Mission Abortion

Posted: September 25, 2010 in Opinions

The issue of abortion has been swept under the rug either or we have turned a deliberate blind eye and nurtured a sense of stoic indifference over time. We are shocked quite often though, when a dead and disowned foetus emerges from the heaps of garbage dump or is extracted from sewerage pipelines.

Our Buddhist compassion is deeply aroused momentarily, which is again mixed with a sense of disgust for the woman ‘who could commit such extreme an act’. That is it? We do not look beyond the obvious. We just play to the popular tunes of stereotypes and stigmas and miss out the larger picture.

The issues of right to abortion or the contrary, the right to life of the unborn, need sincere and honest discourse, at all levels of Bhutanese society. Two things are crystal clear – abortion is a taboo from the highly dogmatic Buddhist perspective and it is unlawful from the legal point of view. These are rigid systems that would not move easily.

Sandwiched, as women might find themselves, between these two overbearing structures of power, yet, we cannot deny that Bhutanese women are not aborting unwanted child. Every year hundreds of women cross the border to the strange and dirty back alleys of Jaigaon and Siliguri further down. In these clandestine locales and unsafe hands, away from the glare of social stigmatization and legal consequences back at home, Bhutanese women risk their lives to undergo abortion. Just recently, a young woman died of post abortion complications.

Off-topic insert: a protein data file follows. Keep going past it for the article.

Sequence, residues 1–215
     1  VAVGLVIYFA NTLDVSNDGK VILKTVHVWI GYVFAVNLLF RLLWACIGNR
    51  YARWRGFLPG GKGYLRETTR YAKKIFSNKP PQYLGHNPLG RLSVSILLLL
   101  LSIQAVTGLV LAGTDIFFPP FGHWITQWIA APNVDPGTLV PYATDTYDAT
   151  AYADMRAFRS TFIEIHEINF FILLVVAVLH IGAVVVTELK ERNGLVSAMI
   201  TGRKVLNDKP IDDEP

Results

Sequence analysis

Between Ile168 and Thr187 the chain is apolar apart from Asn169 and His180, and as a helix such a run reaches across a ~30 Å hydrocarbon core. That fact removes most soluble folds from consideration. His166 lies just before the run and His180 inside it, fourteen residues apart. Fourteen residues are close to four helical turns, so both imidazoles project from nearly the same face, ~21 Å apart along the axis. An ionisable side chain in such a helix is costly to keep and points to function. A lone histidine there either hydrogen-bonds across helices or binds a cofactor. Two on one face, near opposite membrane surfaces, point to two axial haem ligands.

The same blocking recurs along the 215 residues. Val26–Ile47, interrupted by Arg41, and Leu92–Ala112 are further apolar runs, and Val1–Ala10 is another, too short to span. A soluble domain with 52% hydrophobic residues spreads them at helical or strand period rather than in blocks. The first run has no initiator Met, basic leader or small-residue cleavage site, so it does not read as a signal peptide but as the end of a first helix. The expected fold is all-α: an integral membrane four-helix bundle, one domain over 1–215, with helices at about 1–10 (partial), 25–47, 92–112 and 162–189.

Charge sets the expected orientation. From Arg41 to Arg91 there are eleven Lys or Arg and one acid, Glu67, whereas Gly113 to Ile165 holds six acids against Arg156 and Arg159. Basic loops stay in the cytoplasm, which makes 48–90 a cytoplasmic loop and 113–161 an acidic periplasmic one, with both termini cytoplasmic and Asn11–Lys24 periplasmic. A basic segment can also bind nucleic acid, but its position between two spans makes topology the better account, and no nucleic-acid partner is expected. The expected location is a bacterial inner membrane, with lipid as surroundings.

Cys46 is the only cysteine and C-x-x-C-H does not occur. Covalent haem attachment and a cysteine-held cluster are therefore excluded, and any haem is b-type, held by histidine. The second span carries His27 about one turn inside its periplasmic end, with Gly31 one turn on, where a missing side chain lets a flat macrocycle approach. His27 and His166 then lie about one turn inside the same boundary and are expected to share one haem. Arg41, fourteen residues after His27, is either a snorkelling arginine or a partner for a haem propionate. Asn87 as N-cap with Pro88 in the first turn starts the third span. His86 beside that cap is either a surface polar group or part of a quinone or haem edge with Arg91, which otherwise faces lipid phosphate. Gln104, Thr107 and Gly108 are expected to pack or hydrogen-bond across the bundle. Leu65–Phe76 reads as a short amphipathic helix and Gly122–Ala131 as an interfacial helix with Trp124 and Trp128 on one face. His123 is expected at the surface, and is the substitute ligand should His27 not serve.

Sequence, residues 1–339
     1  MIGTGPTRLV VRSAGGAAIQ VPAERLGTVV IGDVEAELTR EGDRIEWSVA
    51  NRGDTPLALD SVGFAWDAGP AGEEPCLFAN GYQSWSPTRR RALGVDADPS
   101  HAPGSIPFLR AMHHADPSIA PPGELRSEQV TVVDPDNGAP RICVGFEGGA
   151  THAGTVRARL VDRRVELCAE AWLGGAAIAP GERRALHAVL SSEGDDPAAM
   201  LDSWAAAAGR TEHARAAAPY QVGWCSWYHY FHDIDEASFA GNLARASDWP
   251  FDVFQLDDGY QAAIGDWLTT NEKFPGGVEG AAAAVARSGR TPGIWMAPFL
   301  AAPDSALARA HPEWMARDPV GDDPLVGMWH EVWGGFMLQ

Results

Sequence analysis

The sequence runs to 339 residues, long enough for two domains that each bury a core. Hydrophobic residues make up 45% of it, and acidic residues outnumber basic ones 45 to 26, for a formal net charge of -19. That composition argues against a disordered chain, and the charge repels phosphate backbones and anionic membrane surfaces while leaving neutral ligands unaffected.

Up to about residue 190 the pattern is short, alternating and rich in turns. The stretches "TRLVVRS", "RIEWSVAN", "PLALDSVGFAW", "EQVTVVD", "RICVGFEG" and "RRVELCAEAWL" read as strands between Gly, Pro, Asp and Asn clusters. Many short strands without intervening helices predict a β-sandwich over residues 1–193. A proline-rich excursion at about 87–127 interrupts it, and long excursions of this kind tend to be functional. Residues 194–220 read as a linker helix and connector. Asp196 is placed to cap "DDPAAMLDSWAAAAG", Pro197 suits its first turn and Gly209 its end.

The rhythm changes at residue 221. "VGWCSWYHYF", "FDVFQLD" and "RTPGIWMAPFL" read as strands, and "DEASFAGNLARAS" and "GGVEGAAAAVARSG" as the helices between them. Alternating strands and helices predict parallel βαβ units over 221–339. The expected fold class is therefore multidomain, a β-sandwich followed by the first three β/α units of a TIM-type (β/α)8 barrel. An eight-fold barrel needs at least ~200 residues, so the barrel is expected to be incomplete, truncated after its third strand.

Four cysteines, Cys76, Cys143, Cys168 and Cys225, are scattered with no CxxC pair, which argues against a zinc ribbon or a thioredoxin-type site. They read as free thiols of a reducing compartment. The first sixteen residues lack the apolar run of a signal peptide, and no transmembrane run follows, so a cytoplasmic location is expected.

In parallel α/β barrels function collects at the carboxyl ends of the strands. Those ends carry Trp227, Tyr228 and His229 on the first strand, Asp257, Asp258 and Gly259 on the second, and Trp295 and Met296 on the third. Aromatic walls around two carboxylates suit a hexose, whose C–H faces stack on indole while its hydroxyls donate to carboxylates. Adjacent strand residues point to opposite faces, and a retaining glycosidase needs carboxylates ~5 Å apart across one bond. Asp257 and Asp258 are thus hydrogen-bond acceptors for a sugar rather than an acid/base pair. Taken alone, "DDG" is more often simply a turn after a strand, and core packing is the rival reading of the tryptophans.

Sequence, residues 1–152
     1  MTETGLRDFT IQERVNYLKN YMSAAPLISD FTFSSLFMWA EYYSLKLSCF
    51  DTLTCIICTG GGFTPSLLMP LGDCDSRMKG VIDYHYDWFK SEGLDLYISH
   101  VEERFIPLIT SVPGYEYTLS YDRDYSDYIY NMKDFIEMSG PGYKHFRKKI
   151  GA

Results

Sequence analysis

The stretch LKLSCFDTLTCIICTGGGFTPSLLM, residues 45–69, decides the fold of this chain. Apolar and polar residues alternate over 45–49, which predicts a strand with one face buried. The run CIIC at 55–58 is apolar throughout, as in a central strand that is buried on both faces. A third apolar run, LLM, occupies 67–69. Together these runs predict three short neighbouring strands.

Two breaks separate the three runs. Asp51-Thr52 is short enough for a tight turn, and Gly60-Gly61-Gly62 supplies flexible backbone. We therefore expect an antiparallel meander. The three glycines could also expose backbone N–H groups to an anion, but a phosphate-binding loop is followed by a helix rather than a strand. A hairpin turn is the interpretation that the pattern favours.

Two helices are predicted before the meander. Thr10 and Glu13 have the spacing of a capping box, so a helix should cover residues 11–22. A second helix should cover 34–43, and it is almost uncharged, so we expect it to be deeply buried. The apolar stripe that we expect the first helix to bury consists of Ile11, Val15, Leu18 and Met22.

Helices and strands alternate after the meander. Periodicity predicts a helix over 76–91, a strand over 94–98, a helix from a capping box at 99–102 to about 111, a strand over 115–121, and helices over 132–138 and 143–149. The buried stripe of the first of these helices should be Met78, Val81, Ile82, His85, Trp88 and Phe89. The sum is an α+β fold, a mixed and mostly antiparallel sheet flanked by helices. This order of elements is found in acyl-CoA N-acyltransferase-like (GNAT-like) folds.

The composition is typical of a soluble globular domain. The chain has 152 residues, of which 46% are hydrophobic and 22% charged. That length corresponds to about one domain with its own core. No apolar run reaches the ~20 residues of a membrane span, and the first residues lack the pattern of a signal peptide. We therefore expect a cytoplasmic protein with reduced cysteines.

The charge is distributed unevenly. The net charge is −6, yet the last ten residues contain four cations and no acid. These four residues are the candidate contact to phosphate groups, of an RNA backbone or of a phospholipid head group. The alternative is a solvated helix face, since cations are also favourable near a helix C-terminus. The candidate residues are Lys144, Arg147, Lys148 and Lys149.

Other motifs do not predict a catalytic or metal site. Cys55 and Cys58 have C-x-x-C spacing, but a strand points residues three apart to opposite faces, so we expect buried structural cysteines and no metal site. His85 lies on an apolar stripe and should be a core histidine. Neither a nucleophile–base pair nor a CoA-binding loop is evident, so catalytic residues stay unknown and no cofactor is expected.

Is the issue of legality of abortion posing danger to young lives of woman, or is it lack of access to safe abortion? Should abortion be legalized will the situation improve in any way? Do women have the right to abortion or shouldn’t there be considerations for the rights of the unborn child?

The debate over the ‘rightness’ or the ‘wrongness’ of abortion is as complex as it seems simple. It is simple because the decision to abort a child is entirely an individual’s (under varying circumstances) right to freedom of choice. It is complex because abortion includes an unthinking and immature, unborn child who also has a right to life. The complexity becomes murkier when women resort to unsafe abortion, sometimes resulting in death.

There is a need to protect individual’s right and at the same, the right of an unborn. How do we address these dual issues?

Perhaps, the first step toward it would be by shedding certain sociocultural biases, followed by candid expressions of what must prevail – in legal terms.

Legal, religious and social barriers have far reaching consequences, but it should not come at the cost of a life.


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